Three days later, Wining Boy sits at the kitchen table drinking as Doaker washes pots. They discuss the recent events. Boy Willie and Lymon have been trying to sell their watermelons in the white neighborhoods, but their truck keeps breaking down. Berniece is still deep in mourning for Crawley, though Doaker suspects she may be seeing Avery.
Doaker jokes about Avery's dream, and Wining Boy tells him of a man who tried to impersonate Christ—right up until the time came for his crucifixion. Thinking of a woman he just left in Kansas City, Wining Boy muses on the death of his ex-wife, Cleotha. He reads a letter announcing her death and reminisces on their marriage, a marriage ruined by his need to wander. As long as Cleotha lived, Wining Boy could be certain he had a home.
Boy Willie enters with Lymon and they greet each other. The Ghosts of Yellow Dog and their many victims come up for conversation. Wining Boy relates a time where he spoke with the Ghosts at the junction of the Southern and Yellow Dog railroads. The longer he stood there, the bigger he got; he left feeling like a king and had a stroke of good luck for the next three years.
Boy Willie then announces that he has already secured the sale of the piano. Doaker and Wining Boy protest that the land he wants is worthless, that the intelligent white man has already migrated to the cities, and that Sutter is probably cheating him. Willie remains undaunted.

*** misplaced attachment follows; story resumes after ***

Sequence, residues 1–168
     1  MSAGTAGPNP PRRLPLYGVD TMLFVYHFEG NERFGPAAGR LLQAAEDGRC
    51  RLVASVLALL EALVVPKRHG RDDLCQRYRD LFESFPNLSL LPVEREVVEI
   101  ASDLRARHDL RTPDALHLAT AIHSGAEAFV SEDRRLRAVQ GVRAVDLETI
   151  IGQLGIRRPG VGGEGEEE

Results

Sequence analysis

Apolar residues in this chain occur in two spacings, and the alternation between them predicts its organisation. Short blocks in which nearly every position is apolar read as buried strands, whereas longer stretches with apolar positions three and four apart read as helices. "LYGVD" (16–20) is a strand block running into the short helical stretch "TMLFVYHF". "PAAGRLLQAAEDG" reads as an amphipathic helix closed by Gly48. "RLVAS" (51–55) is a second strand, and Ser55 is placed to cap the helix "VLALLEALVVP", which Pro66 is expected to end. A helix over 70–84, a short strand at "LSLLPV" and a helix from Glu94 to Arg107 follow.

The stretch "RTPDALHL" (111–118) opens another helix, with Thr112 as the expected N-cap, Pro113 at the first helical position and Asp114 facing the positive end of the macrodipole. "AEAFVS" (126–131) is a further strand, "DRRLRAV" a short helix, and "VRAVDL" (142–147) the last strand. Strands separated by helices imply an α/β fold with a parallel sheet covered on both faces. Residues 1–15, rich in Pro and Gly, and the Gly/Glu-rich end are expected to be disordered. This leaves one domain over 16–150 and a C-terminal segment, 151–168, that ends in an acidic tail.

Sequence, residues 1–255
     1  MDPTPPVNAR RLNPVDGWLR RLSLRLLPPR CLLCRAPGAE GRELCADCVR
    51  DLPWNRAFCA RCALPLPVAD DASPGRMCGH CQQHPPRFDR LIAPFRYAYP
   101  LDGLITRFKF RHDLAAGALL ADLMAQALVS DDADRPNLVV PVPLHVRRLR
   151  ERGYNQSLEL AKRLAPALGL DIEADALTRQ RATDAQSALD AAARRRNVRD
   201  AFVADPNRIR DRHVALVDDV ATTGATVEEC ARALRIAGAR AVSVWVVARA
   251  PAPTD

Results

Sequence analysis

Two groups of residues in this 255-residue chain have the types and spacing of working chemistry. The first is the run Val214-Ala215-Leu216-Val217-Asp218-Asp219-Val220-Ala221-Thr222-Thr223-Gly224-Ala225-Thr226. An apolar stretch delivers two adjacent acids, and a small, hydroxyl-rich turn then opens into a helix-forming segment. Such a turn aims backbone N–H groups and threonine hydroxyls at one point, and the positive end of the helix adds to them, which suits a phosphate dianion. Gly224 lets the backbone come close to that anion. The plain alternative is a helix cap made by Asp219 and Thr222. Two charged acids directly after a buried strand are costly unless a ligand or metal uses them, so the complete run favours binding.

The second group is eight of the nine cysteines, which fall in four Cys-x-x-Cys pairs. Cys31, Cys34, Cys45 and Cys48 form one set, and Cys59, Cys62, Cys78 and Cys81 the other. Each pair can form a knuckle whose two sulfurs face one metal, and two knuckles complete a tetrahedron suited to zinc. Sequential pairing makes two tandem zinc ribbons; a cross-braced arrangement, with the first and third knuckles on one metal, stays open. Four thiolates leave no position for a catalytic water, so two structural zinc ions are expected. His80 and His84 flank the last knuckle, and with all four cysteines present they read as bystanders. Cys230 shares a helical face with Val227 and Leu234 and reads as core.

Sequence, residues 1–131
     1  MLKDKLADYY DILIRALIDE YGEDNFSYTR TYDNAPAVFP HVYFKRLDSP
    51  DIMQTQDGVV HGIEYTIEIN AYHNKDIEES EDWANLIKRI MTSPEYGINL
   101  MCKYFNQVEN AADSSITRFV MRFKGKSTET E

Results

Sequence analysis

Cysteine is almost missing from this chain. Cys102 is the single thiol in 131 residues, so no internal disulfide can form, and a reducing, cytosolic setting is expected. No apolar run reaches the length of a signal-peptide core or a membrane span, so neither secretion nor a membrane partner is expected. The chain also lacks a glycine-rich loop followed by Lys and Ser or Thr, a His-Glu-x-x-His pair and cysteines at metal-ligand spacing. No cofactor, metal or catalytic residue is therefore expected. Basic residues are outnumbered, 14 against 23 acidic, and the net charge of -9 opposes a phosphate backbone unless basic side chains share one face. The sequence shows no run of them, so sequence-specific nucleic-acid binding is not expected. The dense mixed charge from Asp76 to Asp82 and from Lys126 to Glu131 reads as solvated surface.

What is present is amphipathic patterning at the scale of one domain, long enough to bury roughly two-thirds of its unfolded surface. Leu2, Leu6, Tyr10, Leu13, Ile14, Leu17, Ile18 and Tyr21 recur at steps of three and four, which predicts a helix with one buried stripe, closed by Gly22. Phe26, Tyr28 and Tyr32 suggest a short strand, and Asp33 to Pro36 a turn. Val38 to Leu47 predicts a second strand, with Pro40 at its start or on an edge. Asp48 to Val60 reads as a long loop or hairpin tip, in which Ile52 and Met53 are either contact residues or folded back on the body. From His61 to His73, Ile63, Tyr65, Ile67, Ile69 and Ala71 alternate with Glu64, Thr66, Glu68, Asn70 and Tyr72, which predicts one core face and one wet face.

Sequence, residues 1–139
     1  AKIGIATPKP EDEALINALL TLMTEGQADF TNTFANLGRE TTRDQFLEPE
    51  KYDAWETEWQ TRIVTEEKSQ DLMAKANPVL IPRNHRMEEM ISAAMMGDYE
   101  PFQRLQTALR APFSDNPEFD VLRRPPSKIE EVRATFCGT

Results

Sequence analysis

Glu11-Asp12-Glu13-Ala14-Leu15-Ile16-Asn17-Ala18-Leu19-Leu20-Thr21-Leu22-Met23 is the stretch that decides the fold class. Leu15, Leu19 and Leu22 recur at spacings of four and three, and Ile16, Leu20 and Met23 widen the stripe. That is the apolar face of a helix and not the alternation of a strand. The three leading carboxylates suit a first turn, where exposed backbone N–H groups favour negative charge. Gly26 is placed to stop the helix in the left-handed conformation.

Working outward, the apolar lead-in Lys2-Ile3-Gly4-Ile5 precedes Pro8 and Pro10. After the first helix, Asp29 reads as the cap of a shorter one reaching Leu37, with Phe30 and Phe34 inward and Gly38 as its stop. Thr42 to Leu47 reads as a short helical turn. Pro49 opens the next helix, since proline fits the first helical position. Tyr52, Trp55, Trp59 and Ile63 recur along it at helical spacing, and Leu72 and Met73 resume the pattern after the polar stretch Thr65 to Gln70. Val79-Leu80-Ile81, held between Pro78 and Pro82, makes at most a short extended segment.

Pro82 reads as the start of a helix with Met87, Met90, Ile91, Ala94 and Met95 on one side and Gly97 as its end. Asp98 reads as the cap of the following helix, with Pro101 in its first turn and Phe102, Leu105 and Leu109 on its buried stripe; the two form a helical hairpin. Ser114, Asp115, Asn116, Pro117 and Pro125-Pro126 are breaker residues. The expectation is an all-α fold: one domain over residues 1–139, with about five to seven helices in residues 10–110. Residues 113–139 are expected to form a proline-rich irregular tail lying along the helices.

Changing the subject, Wining Boy mentions that he heard Willie and Lymon were on Parchman Prison Farm, where both he and his brother spent time. Willie explains that some whites had tried to chase him, Lymon, and Crawley from some lumber they were pilfering. Crawley fought back and was killed, while the other two went to prison for theft. Lymon was shot in the stomach. Eventually Mr. Stovall bailed Lymon out on the condition that he work for him. Unwilling to serve Stovall, Lymon immediately fled, planning to stay in Pittsburgh where they treat blacks better than in the South.
Willie disagrees with his partner evaluation of the South, that whites will only treat you as badly as you let them. Wining Boy concurs but underlines an important difference: the white man can make use of the law. Willie declares he only follows law when it is right. Wining Boy responds that as a result, he will end up back on Parchman. The men reminisce about Parchman and sing an old work song ("Oh Lord Berta").
Willie then asks Wining Boy to play the piano. Wining Boy moans that he is tired of carrying a piano on his back. "Am I me? Or am I the piano player?" he asks. Willie remarks that someone better play the piano quick, rehearsing his plans to sell it and claim Sutter's land. Once again Doaker insists that Berniece will not sell it and begins to explain its history to Lymon.